A Childs Garden of Verses by Robert Louis StevensonEverything was grey. There wasnt any colour. It was all up to my imagination.”
Brian Wildsmith, artist, on his childhood.
Image: Summer Sun
This review is an excuse to share some of the startling and colourful illustrations that Wildsmith crafted for this 1966 edition (words here). A truly wild smith. I can’t imagine what Robert Louis Stevenson would make of them, but I hope he would appreciate the edge they give to his words.
Image: The Cow
The poem leaves me cold, but the happy cow in her bucolic meadow, I love.
The poems are mostly delightful. Many are familiar from repetition in my childhood, then to my child. We had plenty of other books of rhymes, but it was primarily the extravagant illustrations that drew me repeatedly to the pages, and the words I learned so well.
Image: The Land of the Counterpane
I think this made me something of a hypochondriac as a child - though I’m quite the reverse as an adult.
When I’ve seen modern editions, they’re invariably illustrated with competent, sometimes lovely pictures, but theyre safe and predictable. Just what you expect for a cosy Victorian classic.
Image: Armies in the Fire
I loved pareidolia long before I knew there was a word for it; perhaps this is why?
I think the dissonance of Wildsmith’s pictures and Stevensons verses add the vibrant joy and confusing kaleidoscope of childhood, and sometimes add modern relevance to the words themselves.
Image: Whole Duty of Children
A dry Victorian instruction with a subversive twist.
The child is always clearly recognisable, a character to identify with, but the backgrounds are often more abstract. There are echoes of Klimt, Turner, Miro, and Matisse, yet they are very much Wildsmith’s own.
Image: Looking-Glass River
An example where the words do little for me, but the picture is lush.
I was a tomboy, who loved cars, tractors, and trains. This was my favourite poem, and as an adult, I think the words, rhythm, and imagery are superb. You cant read it slowly, nor should you:
Faster than fairies, faster than witches,
Bridges and houses, hedges and ditches;
And charging along like troops in a battle
All through the meadows the horses and cattle:
All of the sights of the hill and the plain
Fly as thick as driving rain;
And ever again, in the wink of an eye,
Painted stations whistle by.
Here is a child who clambers and scrambles,
All by himself and gathering brambles;
Here is a tramp who stands and gazes;
And here is the green for stringing the daisies!
Here is a cart run away in the road
Lumping along with man and load;
And here is a mill, and there is a river:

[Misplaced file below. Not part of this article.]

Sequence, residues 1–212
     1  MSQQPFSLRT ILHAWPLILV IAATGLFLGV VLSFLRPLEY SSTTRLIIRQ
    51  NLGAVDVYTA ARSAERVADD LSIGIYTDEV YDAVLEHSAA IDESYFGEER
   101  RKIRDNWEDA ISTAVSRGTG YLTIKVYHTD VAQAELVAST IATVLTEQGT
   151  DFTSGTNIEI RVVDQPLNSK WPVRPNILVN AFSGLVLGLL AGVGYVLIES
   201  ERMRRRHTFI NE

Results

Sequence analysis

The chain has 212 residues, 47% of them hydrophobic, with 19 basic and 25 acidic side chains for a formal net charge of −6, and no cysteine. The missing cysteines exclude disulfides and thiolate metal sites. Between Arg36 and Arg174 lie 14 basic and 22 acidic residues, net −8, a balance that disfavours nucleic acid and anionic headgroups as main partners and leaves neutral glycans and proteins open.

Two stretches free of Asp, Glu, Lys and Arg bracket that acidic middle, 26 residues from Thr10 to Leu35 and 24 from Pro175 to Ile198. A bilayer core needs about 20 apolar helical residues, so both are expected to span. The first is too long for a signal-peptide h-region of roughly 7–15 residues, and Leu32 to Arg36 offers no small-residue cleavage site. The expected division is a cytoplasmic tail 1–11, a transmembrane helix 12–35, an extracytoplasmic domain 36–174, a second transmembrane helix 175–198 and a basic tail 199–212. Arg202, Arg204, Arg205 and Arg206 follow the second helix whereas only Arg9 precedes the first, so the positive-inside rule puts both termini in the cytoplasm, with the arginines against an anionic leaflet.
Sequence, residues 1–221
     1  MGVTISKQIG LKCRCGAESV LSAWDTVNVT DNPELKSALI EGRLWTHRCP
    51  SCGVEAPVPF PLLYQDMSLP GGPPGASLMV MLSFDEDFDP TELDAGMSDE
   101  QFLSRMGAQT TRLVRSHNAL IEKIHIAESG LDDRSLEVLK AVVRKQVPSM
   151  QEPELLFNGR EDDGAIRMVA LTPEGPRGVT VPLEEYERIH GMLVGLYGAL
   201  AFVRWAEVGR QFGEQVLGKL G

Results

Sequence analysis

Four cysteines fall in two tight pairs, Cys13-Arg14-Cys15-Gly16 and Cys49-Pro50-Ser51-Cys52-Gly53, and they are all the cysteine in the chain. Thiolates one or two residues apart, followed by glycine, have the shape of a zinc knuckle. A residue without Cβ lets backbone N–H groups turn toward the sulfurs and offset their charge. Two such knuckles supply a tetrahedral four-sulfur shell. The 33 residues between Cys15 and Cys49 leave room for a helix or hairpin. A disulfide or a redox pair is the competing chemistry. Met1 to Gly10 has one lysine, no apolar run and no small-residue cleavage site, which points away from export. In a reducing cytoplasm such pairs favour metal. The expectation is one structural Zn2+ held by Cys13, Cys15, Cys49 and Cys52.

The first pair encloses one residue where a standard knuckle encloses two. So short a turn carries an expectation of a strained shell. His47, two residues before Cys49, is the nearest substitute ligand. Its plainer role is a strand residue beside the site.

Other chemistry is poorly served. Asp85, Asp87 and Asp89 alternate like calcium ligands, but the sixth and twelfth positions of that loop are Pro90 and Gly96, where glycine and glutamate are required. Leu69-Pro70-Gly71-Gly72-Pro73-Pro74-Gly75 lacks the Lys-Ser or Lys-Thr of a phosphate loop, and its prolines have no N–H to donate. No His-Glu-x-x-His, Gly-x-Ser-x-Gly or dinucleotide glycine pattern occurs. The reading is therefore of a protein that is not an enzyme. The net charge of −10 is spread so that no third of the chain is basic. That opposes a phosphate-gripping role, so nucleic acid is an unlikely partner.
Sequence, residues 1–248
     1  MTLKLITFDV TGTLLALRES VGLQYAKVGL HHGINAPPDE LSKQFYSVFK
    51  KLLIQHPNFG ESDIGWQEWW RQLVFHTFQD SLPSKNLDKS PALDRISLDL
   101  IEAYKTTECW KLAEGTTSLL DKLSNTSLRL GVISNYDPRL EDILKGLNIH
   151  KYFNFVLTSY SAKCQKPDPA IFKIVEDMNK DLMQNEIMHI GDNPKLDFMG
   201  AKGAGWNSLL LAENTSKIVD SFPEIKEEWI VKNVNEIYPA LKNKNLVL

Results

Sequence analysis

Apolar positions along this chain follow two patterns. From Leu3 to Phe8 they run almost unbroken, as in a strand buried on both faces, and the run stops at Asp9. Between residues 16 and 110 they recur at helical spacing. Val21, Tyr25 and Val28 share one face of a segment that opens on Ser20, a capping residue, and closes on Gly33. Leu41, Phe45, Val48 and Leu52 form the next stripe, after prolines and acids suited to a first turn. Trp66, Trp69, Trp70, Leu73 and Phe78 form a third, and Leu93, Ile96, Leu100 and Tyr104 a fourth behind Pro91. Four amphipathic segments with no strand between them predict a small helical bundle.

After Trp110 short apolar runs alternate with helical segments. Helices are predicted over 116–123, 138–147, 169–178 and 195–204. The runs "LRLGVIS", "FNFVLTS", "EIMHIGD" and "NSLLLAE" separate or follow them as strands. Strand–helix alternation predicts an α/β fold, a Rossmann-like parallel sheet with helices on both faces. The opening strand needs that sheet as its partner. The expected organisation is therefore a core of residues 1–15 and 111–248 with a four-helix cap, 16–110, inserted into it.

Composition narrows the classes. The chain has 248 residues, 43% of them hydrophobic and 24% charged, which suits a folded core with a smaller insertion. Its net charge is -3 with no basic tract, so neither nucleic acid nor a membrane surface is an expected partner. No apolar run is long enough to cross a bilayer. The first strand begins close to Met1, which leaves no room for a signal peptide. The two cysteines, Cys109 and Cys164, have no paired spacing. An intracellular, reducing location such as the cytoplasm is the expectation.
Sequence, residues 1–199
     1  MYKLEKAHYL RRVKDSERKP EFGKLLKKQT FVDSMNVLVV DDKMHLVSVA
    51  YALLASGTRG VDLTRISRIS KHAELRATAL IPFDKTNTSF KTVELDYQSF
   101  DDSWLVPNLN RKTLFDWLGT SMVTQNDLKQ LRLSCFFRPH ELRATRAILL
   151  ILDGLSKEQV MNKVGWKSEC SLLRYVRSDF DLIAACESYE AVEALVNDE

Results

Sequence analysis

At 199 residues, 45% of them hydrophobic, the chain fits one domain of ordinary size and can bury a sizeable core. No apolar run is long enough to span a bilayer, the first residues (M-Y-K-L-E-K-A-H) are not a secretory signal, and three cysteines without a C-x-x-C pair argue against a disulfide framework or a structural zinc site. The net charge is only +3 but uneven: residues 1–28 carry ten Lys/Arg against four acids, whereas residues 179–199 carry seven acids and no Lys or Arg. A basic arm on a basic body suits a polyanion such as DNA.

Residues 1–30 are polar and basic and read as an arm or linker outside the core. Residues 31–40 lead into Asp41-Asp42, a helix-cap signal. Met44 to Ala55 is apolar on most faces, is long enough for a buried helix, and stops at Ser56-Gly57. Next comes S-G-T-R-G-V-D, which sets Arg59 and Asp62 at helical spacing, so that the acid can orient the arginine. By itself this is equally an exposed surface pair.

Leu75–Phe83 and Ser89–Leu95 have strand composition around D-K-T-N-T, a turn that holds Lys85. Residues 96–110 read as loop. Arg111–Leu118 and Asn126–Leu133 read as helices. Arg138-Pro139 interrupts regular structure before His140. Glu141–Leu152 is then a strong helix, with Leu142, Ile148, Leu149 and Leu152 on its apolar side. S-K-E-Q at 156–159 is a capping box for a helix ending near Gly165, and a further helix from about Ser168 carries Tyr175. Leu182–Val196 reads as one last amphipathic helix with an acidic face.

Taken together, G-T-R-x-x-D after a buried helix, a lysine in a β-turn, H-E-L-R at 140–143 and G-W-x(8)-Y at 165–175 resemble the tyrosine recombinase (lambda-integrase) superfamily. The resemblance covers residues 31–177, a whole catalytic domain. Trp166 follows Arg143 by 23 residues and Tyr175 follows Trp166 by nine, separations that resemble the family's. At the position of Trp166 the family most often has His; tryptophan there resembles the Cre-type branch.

Each a glimpse and gone forever!
Image: From a Railway Carriage
Then I went to Tate Britain for the first of many times (probably around seven years old) and saw this. The two are forever, happily, linked in my mind:
Image: Rain, Steam and Speed - The Great Western Railway, by JMW Turner
See Teds excellent review, HERE, which is what prompted me to get out my copy and post this.
All the poems are free on Gutenberg, HERE.
The Wind - Poem by Robert Louis Stevenson
Copyright by The Bibliophile Society All rights reserved. The Bibliophile Society desires to acknowledge its obligations to Mr. Francis S. Peabody for his generosity in permitting it to print the Robert Louis Stevenson manuscripts for its members, and as a token of gratitude and appreciation, has issued this small complimentary edition from the same type forms from which the Bibliophile edition was printed. Life's winds and billows, hoarse and shrill, Could ne'er his minstrel-ardor still; He sailed and piped until his breath Went out within the grip of death; And now, upon his island home, Fringed with the far Pacific foam, He lies at peace, beloved, renowned The sympathetic world around.
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Portrayals of Stevenson in fiction, film and poetry. The Amazing Marriage. There was a man who wrote books. I forget his name, in the yacht Casco. In Masson, Rosaline
Though he that ever kind and true Kept stoutly step by step with you Your whole long gusty lifetime through, Be gone awhile before, Be now a moment gone before, Yet, doubt not, soon the seasons shall restore Your friend to you. He has but turned a corner. Still He pushes on with right good will, Through mire and marsh, by heugh and hill, That self-same arduous way, That self-same upland, hopeful way That you and he through many a doubtful day Attempted still. He is not dead, this friend — not dead, But in the path we mortals tread Got some few trifling steps ahead And nearer to the end; So that you too, once past the bend, Shall meet again, as face to face, this friend You fancy dead. Push gaily on, strong heart!